Eliza Newlin Carney

Eliza Newlin Carney is a weekly columnist at The American Prospect. Her email is ecarney@prospect.org.


Recent Articles

When the Rules Matter After All

(AP Photo/Mary Altaffer)
When politicians and their cronies violate ethics and campaign-finance rules, two things can stop them: A legal crackdown, or a political backlash. Both may now be starting to put the brakes on a political corruption spree that has been building for years and has spun out of control under President Trump. The fallout could reach all the way to the White House, where Trump now stands directly implicated in campaign-finance violations, and may give Democrats a big assist in this fall’s midterms. Though all eyes were focused this week on Paul Manafort and Michael Cohen , both declared guilty on eight counts each of bank, tax, and other criminal violations, the anti-corruption backlash goes well beyond Trump’s former campaign manager and his ex-personal lawyer and fixer. Trump lawyer Rudy Giuliani may insist that “truth isn’t truth,” but judges, jurors and voters are reasserting that rules do matter after all. Cohen’s guilty plea on two campaign-finance...

Trump's and the Koch Brothers' War on Disclosure

(AP Photo/Carolyn Kaster)
The Treasury Department’s recent move to expand the cloak of secrecy that shrouds political “dark money” groups has triggered understandable outcry from watchdogs and Democrats worried about foreign interference in U.S. elections. Under the new rules, nonprofits that spend money on elections are no longer required to share the names of their big donors with the Internal Revenue Service. Montana Governor Steve Bullock, a Democrat, has sued the Trump administration on the grounds that Treasury violated procedural rules when it loosened the nonprofit reporting requirements. Montana Democratic Senator Jon Tester introduced a bill to reverse the Treasury directive, citing a “threat to our democracy.” Democracy 21 President Fred Wertheimer blasted Treasury for opening a “massive loophole for foreign money” just as evidence of Russian political meddling piles up. But the Treasury directive, while appallingly timed, is just one part of a much broader...

The Teacher Paradox: Educators Organize Under Fire

(AP Photo/Gerry Broome)
By rights, the nation’s teachers should be reeling this summer from a potentially crippling one-two punch. The Supreme Court dealt teachers the first blow on June 27 with its Janus v. AFSCME ruling, which could drastically shrink the budgets of all public employee unions, including the American Federation of Teachers and the National Education Association. The next day, several far-right groups launched a multimillion-dollar campaign to urge teachers to ditch their unions, sending thousands of emails directly to schools. But instead of crumpling, teachers are punching back hard. Unprecedented numbers of educators are running for public office . Teachers union membership is going up, not down. And the anti-union emails blasted to teachers by such conservative groups as the Mackinac Center for Public Policy appear to have backfired, at least for the moment. “I have never seen the energy I am seeing right now,” says AFT President Randi Weingarten. “The membership...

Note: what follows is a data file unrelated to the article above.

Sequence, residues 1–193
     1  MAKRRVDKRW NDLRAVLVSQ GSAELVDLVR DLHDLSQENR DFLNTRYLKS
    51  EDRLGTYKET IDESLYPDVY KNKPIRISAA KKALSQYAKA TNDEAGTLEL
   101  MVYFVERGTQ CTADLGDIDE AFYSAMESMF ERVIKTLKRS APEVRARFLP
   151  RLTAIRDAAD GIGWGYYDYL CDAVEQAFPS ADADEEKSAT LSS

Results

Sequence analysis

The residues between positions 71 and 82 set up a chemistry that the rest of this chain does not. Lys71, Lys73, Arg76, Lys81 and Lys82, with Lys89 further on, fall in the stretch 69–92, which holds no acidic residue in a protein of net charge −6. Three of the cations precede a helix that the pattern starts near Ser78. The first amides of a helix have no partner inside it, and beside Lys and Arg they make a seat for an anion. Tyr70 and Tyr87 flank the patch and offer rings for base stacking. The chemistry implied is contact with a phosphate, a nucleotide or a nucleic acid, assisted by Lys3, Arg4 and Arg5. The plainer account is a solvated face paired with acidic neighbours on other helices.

What Trump Administration Corruption Lays Bare: Ineffectual Ethics Rules

democracy_rules.jpg In an administration run by a president whose properties have scooped up millions in political and taxpayer money, the daily onslaught of ethics complaints and investigations into self-dealing by top Trump Cabinet officials should come as no surprise. A full catalogue of Cabinet-level corruption would fill a book, from Interior Secretary Ryan Zinke’s real estate dealings with an oil industry executive to Commerce Secretary Wilbur Ross’s lucrative short sale of shipping company stock. But one Trump team member surpasses all others in his flagrant disregard for federal conflict-of-interest rules: Environmental Protection Agency Administrator Scott Pruitt, who now faces no fewer than 16 federal and congressional investigations, with no end in sight. What’s most stunning about Pruitt’s never-ending ethics saga is not the millions in taxpayer dollars he wasted on first-class, military and private travel to exotic locales, on ‘round the...

The Right's Campaign to Expand Voter Purges

democracy_rules.jpg The Supreme Court’s recent ruling to uphold Ohio’s controversial voter purge law spotlights the growing clout of right-wing “election integrity” groups that have aggressively bullied and sued states and jurisdictions into kicking thousands of voters off their rolls. Such groups, which include the deep-pocketed legal outfit Judicial Watch, and the Public Interest Legal Foundation, headed by J. Christian Adams, a leading proponent of voter fraud myths, hailed the high court’s ruling in Husted v. A. Philip Randolph Institute as a major victory. Both Judicial Watch and the PILF called on states to follow Ohio’s lead and “clean up” their voter rolls—a practice that in Ohio’s case has meant blocking thousands of eligible voters from casting ballots. Cheering from the wings was Kansas Secretary of State Kris Kobach, a key architect of the Trump administration’s voter-unfriendly policies. The Justice...